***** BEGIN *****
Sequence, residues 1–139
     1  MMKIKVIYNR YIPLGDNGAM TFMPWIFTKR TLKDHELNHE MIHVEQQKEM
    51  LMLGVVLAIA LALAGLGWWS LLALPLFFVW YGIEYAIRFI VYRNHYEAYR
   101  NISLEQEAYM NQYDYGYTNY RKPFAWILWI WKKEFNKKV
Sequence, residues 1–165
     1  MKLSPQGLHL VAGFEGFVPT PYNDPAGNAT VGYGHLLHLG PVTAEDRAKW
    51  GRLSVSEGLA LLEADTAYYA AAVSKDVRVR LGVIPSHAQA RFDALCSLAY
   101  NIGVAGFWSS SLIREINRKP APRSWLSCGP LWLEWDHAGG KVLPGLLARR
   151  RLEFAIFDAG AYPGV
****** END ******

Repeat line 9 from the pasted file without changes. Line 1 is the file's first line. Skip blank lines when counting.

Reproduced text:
   151  RLEFAIFDAG AYPGV